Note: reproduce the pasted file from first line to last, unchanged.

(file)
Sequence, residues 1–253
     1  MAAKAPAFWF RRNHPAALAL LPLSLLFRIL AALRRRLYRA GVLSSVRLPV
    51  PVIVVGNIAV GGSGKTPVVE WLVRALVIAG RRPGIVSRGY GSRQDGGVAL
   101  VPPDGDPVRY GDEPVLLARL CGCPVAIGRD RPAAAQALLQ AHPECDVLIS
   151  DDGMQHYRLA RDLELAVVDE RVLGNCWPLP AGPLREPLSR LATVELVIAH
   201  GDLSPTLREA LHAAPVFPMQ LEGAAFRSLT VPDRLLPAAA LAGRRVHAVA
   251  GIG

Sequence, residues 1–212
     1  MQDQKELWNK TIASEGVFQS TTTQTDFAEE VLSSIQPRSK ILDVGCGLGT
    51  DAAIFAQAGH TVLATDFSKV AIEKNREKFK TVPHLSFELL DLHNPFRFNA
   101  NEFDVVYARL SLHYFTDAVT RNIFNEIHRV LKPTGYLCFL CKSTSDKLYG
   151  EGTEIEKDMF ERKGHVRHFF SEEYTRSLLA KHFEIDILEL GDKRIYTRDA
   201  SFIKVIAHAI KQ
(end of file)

Sequence, residues 1–253
     1  MAAKAPAFWF RRNHPAALAL LPLSLLFRIL AALRRRLYRA GVLSSVRLPV
    51  PVIVVGNIAV GGSGKTPVVE WLVRALVIAG RRPGIVSRGY GSRQDGGVAL
   101  VPPDGDPVRY GDEPVLLARL CGCPVAIGRD RPAAAQALLQ AHPECDVLIS
   151  DDGMQHYRLA RDLELAVVDE RVLGNCWPLP AGPLREPLSR LATVELVIAH
   201  GDLSPTLREA LHAAPVFPMQ LEGAAFRSLT VPDRLLPAAA LAGRRVHAVA
   251  GIG

Sequence, residues 1–212
     1  MQDQKELWNK TIASEGVFQS TTTQTDFAEE VLSSIQPRSK ILDVGCGLGT
    51  DAAIFAQAGH TVLATDFSKV AIEKNREKFK TVPHLSFELL DLHNPFRFNA
   101  NEFDVVYARL SLHYFTDAVT RNIFNEIHRV LKPTGYLCFL CKSTSDKLYG
   151  EGTEIEKDMF ERKGHVRHFF SEEYTRSLLA KHFEIDILEL GDKRIYTRDA
   201  SFIKVIAHAI KQ